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Send  Share  RSS  Twitter  20 Jan 2010

VENTURES: Toolkit For SME E-Commerce

 



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An innovative project at the University of Cape Town aims to help small African organisations to set themselves up for e-commerce at minimal cost – and has proven so effective that IBM has rewarded the originator of the project, UCT head of Information Systems, Professor Jean-Paul van Belle, with a prestigious and highly competitive IBM Faculty Award.

Funding from IBM of more than R162 000 will enable UCT to create an Information and Communication Technologies (ICT) resource toolkit aimed at assisting small African organisations to assess the readiness for e-Commerce with a self-assessment test. Once an organisation has assessed its maturity and decided which ICT areas to target, a set of resources will assist it to implement the changes. These include how-to guides, checklists and other self-help materials customised for Africa. The toolkit will be free on-line as well as on CD or DVD. The project has already been proto-typed , thanks to seed funding from NGOConnectAfrica.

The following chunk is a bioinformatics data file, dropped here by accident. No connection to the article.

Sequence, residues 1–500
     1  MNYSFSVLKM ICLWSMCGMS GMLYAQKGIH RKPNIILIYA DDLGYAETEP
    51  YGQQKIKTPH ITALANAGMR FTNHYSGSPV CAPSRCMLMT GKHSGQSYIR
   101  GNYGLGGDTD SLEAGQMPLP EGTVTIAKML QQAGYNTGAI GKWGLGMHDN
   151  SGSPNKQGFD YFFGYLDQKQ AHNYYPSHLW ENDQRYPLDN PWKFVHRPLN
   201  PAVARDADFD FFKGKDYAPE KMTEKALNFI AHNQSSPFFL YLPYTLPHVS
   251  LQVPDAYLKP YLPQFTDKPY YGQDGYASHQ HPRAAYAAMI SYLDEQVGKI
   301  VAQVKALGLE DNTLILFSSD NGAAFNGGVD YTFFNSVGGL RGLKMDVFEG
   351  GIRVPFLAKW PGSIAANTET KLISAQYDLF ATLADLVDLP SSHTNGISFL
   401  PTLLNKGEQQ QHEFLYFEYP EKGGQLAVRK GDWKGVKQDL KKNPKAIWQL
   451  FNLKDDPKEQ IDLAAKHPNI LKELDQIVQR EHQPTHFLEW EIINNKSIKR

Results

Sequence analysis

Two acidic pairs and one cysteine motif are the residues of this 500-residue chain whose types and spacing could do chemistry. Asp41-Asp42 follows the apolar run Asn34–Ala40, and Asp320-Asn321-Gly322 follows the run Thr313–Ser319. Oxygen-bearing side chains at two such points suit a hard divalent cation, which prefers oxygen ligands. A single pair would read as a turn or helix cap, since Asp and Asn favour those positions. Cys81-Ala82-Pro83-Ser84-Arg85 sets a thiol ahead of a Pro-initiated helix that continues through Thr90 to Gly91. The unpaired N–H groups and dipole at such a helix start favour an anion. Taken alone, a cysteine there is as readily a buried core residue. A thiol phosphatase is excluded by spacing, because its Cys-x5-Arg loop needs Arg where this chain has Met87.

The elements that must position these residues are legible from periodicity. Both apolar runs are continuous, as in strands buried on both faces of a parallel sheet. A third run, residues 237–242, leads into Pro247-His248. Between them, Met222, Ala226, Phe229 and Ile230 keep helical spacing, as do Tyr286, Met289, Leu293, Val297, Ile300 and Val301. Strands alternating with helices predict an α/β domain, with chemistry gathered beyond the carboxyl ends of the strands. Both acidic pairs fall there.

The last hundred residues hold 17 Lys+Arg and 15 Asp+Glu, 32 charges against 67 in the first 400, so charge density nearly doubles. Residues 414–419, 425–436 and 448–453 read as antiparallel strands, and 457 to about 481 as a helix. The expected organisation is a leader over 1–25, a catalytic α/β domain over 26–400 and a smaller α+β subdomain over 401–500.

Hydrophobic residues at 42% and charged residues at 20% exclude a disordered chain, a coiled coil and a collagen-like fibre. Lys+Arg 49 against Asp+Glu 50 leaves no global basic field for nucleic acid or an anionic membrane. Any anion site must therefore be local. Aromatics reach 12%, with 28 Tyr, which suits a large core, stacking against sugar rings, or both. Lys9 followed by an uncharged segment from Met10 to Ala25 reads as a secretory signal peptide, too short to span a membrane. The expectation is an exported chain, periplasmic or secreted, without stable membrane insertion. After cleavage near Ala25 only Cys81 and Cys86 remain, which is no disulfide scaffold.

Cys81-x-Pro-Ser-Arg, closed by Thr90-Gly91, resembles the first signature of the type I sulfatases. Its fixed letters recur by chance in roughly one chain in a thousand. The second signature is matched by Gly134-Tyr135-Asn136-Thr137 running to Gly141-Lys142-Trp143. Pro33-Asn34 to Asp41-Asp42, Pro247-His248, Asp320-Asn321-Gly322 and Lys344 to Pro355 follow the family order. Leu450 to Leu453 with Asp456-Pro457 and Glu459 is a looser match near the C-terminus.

Acting Dean of the Faculty of Commerce, Professor Mike Wormald, said: “We believe this will not only increase the efficiency and effectiveness of organisations, but also help SMMEs and NGOs to leap over the digital divide using mobile internet access, customer relationship management, digital storytelling and open source platforms. We are delighted that we have garnered this award from a pool of literally thousands of applicants worldwide. This reflects that UCT is on a par with other innovative global universities competing for the IBM Faculty Award, including Harvard and the Massachusetts Institute of Technology.”

Professor Van Belle said currently many small businesses in Africa were not yet using ICTs effectively, due to lack of know-how in an accessible format, absence of skills, internet access, remote location, institutional barriers, vendor bias and software costs. “Bridging the knowledge and resource gaps may narrow the digital divide and also indirectly grow local economies through increased productivity,” he said. “There will also be an important feedback loop to larger IT organisations, such as IBM, sensitising them of the needs and challenges of small organisations in the developing world, opening up engagement with this market.”

Head of IBM University Relations for Sub-Saharan Africa, Sean McLean, added: “The IBM Faculty Awards form part of a number of the company’s academic initiatives including IBM Shared University Research Awards, IBM PhD Fellowship Programme and IBM Innovation Awards, which are aimed at, among others, fostering the development of curricula relevant to the creation of 21st Century ICT skills. This project by UCT’s Information Systems department will help address specific ICT needs of smaller African organisations.


 
 
 
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